While finding that Sandhu could not be held liable under the CFAA “[b]ecause she was authorized to access Teva’s computers when she did,” the court did not dismiss Teva’s CFAA claims against Desai and Apotex, finding that Teva had adequately plead a theory of indirect unauthorized access.  “A person who did not directly access the computer may still be liable under the CFAA if he ‘directs, encourages, or induces’ someone else to access a computer that he himself is unauthorized to access.” Id. at *6.

Despite allowing Teva’s CFAA claims against Desai and Apotex to proceed, the court also noted that Teva’s damages against those defendants would be limited to costs incurred in responding to the violation and assessing damages done by defendants’ alleged unauthorized access. “…Teva cannot recover under the CFAA for lost revenue caused by misappropriation of confidential information.” Id. at *8.

Teva’s DTSA Claims

Defendants also moved to dismiss Teva’s claims based upon the argument that their alleged conduct predated the enactment of the DTSA. The Court disagreed, noting that under the statute, “[m]isappropriation…includes unauthorized ‘use,’ not just acquisition, of a trade secret.” Id. at *9. Because Teva’s complaint alleged that the defendants continued to use its trade secrets after the DTSA’s enactment on May 11, 2016, its DTSA claims could proceed. While the issue has yet to be considered at the Circuit level, the Eastern District of Pennsylvania’s ruling noted that every district court to consider the question thus far has reached the same conclusion. See Syntel Sterling Best Shores Mauritius Ltd. v. Trizetto Grp., Inc., 15–cv–211, 2016 WL 5338550, at *6 (S.D.N.Y. Sept. 23, 2016); Adams Arms, LLC v. Unified Weapon Sys., Inc., 16–cv–1503, 2016 WL 5391394, at *5–7 (M.D. Fla. Sept. 27, 2016); Allstate Ins. Co. v. Rote, 16–cv–1432, 2016 WL 4191015, at *1–5 (D. Or. Aug. 7, 2016); Henry Schein, Inc. v. Cook, 191 F. Supp. 3d 1072, 1076–78 (N.D. Cal. 2016); Brand Energy & Infrastructure Servs., Inc. v. Irex Contracting Grp., No. CV 16-2499, 2017 WL 1105648, at *4 (E.D. Pa. Mar. 24, 2017).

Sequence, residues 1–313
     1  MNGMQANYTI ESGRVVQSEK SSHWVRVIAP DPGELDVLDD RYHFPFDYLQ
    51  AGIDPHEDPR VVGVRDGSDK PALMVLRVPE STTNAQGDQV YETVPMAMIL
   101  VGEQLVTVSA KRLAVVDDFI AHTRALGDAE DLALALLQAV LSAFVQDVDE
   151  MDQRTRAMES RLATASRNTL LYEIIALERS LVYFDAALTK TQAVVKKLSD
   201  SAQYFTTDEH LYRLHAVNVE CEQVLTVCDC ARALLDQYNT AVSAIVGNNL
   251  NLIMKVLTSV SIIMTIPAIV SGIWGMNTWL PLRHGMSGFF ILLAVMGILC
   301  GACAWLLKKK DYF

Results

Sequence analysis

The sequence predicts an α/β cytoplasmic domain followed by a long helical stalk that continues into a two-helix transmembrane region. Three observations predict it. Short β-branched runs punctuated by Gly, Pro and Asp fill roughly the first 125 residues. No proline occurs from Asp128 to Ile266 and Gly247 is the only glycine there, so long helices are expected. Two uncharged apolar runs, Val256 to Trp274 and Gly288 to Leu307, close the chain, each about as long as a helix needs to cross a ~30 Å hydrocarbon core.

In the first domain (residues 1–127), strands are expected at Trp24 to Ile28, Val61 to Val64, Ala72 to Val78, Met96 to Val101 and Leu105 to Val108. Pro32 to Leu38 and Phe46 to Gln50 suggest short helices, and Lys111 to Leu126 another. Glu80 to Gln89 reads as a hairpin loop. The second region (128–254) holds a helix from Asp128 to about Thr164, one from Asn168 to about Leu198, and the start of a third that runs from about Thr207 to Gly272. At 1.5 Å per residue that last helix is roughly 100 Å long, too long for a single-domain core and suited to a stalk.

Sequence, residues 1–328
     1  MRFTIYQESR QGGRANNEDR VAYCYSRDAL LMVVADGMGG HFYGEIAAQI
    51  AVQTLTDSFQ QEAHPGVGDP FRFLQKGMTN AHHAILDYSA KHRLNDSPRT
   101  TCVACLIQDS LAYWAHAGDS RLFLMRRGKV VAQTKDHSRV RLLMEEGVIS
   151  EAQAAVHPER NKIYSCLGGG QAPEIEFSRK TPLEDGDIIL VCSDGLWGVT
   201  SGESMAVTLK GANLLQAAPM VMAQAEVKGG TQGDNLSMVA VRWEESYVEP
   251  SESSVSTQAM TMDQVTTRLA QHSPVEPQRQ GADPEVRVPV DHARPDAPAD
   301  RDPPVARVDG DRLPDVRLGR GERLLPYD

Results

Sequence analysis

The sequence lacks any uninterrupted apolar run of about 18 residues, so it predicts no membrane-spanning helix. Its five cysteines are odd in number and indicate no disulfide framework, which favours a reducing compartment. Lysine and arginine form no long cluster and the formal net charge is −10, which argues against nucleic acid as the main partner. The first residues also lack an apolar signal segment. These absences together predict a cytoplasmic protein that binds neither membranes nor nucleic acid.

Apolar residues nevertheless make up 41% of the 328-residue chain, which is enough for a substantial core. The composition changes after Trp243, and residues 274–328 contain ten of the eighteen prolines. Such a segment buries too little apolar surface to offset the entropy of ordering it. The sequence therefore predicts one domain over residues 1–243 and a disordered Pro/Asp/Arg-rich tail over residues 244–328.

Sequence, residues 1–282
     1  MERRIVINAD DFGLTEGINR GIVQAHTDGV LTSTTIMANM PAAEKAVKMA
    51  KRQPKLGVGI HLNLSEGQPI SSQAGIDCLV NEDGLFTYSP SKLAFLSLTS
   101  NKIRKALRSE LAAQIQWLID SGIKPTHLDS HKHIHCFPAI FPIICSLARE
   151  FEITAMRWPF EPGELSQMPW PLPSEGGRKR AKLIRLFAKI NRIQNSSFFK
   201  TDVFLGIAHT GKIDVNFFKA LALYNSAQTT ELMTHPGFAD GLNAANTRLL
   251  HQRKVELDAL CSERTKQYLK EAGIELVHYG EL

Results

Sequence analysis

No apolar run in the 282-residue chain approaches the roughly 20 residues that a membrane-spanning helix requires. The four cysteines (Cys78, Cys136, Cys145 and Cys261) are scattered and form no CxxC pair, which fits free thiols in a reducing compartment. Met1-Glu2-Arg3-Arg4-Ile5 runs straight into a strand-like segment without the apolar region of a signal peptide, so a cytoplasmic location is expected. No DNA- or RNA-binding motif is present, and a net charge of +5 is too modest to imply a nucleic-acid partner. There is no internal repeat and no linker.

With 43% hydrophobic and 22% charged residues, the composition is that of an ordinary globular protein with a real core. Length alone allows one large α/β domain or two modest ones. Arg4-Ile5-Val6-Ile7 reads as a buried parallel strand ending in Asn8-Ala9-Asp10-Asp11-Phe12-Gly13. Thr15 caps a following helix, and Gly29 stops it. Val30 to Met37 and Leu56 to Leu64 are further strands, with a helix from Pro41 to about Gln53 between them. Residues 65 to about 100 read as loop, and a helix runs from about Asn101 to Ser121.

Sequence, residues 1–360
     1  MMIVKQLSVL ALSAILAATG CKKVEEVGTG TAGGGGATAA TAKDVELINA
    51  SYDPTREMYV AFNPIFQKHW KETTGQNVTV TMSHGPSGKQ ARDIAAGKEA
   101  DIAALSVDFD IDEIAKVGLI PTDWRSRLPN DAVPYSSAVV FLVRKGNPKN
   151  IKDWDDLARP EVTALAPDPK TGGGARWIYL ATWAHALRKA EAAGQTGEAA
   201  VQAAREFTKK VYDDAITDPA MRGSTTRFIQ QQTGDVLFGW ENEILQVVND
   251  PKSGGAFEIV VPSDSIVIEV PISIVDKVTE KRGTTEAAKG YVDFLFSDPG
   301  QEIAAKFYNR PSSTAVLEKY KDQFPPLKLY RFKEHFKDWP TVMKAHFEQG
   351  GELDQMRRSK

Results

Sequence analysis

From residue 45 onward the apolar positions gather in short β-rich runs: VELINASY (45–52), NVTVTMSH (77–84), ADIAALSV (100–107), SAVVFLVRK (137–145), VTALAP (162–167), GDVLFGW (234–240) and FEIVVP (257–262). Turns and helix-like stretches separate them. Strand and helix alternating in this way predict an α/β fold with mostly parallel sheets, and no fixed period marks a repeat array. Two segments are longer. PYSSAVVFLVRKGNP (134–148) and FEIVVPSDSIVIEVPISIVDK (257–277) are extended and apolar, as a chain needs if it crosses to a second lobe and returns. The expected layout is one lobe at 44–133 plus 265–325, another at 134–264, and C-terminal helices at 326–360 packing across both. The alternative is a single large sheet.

Takeaways

The district court’s decision illustrates the limitations of the CFAA in cases involving an ex-employee, at least in the minority of circuits that follow the ‘narrow” view of the statute adopted by the court. An employee’s misuse of trade secrets from a computer that they are authorized to access does not support a CFAA claim against the employee in the Fourth or Ninth Circuits, and the Eastern District of Pennsylvania followed suit in this case. Such conduct would support a CFAA claim against the employee in the First, Fifth, Seventh, and Eleventh Circuits. Regardless of whether a claim was allowed, damages under the CFAA are limited to those caused by an interruption in service to the affected computer or, as alleged here, the costs incurred in “responding to the violation and assessing damages.” A plaintiff cannot recover damages stemming from the alleged misuse of trade secrets under the CFAA. The court’s decision also joins the growing consensus that the DTSA provides a cause of action for violations that began before enactment but continued after enactment of the statute.